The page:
Human Resources

Coping with Workplace Change

9.09.19

Change evokes fear in most people because of the uncertainty it presents. People wonder: Will I be adequate for this new position? Will I be able to get along with my new boss? Will the corporation my company is merging with allow me to keep my job?  Here are some tid-bits to help adjust to change –

The four A’s of coping with Change:

Awareness 
Since uncertainty about the future creates the most fear and stress during a change, try to find as much information as you can about your situation. Whom can you ask? What can you learn? What research can you do? The more you learn, the less uncertainty you’ll experience. Behaviors, thoughts and actions that can be learned and developed will help you cope with change.

Acceptance
You may not like the change, but if you accept the fact that it is the way it is, instead of fighting it or complaining about it, you’ll feel less frustrated.

“It’s important to accept transformations with grace and a sense of looking forward to a new experience,” says Ms. Starr.

Attitude
Are you being fearful or are you thinking about the possibilities for improvement change might bring? To focus on the positive aspects of your change, write a list of all the possible positive outcomes.

Even though minor changes can cause stress and frustration, the good news is that any change can be an opportunity for something positive to happen. What’s more, when you learn how to cope effectively with minor changes at work, you’ll develop the skills and positive outlook necessary to help you deal with a major change.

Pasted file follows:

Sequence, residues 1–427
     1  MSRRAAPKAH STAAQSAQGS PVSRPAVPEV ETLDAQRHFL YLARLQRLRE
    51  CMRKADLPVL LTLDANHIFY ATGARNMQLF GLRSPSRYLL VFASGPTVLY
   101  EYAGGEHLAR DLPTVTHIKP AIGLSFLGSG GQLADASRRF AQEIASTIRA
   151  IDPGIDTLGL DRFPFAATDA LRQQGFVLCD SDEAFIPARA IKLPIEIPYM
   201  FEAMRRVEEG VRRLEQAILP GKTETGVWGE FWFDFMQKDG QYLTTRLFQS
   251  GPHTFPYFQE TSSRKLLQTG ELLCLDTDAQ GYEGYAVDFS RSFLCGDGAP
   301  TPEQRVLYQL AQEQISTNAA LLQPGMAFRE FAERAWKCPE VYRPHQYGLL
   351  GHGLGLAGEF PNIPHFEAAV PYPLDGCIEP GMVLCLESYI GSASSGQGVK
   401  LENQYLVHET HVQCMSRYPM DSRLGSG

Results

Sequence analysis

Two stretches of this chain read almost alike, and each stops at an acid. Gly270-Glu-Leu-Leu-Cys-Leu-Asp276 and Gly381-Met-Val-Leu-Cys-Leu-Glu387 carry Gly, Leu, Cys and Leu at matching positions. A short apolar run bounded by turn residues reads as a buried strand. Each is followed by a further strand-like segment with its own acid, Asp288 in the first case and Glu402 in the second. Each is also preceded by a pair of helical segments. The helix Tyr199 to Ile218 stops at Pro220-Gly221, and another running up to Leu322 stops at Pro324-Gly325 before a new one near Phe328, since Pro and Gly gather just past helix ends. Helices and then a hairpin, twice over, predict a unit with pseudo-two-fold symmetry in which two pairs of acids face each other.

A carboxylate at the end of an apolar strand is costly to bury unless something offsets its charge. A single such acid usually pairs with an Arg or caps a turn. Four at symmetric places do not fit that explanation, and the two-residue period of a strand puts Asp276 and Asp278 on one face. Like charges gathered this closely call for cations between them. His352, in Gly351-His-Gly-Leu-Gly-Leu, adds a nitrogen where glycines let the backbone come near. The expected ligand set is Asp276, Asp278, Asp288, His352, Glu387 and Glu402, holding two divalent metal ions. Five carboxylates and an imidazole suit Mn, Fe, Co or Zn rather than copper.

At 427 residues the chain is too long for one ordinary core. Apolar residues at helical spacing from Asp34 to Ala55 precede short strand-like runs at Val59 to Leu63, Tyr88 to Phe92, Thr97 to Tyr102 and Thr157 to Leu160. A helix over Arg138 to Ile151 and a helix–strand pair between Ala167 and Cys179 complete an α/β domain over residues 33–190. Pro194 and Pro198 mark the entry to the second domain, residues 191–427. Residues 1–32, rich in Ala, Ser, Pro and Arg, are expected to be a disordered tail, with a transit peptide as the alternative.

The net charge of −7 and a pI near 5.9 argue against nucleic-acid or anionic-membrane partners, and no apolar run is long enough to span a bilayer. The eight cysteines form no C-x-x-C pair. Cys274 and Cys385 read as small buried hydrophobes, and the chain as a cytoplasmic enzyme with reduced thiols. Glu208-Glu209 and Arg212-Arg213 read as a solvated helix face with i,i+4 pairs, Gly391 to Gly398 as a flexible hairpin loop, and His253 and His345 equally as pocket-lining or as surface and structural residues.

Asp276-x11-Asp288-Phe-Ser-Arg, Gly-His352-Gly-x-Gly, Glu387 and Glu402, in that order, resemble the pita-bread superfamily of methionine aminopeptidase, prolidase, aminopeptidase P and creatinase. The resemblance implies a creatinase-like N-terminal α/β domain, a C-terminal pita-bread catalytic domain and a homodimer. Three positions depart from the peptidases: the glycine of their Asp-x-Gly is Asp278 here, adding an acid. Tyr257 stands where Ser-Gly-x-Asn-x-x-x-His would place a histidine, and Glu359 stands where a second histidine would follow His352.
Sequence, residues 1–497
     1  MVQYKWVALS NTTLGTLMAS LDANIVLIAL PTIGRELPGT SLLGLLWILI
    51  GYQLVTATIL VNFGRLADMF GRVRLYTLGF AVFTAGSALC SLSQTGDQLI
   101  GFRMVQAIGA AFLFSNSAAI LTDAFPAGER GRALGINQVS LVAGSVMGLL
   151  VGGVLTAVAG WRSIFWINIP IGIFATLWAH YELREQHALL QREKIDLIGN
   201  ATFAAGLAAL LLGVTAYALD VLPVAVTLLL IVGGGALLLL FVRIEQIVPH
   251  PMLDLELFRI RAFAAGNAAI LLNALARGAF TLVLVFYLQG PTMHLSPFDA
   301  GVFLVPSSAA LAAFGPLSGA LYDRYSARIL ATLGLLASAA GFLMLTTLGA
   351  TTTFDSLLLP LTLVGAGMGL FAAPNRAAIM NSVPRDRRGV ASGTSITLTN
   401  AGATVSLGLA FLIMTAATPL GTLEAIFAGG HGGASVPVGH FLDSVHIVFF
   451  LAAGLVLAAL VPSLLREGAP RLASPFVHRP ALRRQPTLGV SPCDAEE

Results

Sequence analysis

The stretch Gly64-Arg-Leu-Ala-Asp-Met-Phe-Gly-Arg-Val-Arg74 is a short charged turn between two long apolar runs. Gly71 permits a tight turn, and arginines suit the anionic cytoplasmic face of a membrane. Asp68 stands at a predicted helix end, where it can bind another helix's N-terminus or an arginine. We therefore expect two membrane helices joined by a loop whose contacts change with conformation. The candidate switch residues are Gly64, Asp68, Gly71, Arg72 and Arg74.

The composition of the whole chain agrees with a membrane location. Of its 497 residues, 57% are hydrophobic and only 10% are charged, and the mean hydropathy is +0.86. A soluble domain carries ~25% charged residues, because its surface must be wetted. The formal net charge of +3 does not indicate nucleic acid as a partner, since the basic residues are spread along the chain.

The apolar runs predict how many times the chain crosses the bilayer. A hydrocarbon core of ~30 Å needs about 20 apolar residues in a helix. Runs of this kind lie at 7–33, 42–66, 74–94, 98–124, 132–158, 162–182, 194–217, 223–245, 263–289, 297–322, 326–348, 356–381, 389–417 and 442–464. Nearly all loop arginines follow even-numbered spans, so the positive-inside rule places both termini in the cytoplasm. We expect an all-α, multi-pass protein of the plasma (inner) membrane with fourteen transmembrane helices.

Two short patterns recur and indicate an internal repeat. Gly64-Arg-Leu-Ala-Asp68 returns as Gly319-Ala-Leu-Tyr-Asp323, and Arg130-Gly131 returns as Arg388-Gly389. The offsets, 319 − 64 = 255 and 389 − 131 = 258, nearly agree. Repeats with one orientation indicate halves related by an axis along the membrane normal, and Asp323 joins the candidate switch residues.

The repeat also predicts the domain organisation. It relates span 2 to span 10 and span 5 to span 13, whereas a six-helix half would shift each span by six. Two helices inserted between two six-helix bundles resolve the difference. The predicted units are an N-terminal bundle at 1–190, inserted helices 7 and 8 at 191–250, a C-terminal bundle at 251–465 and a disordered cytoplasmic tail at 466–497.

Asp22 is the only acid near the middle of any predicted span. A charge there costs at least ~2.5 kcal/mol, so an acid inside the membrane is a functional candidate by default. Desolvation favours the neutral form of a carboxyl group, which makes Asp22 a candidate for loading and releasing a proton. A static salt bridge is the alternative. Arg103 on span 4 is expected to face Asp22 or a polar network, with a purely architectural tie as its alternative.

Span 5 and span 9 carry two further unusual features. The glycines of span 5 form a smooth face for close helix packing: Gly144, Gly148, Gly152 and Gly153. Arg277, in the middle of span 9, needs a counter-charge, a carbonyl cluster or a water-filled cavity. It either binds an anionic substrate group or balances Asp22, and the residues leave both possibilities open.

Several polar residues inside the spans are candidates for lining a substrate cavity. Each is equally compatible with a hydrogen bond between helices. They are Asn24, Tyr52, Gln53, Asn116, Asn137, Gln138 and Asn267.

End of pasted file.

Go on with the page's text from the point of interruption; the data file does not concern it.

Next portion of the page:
Action
This is where you do have some control over the situation. It’s how you prepare and respond to change.

The following positive actions can help you cope.

  • Develop a network. Always keep in contact with your managers and fellow employees from former jobs. Your network will be a valuable resource in times of change.
  • Learn new skills. Learn a new computer program. Take a class in communication skills. Learn to make presentations. Ongoing training will add skills to your professional tool kit.
  • Change your surroundings. Do what you can to make your work area pleasant and comfortable.
  • Ask action questions. Whom can you talk to if a situation is getting more difficult to cope with? How can you get to know a new boss or coworker? What ideas can you present to your company that will help with the change?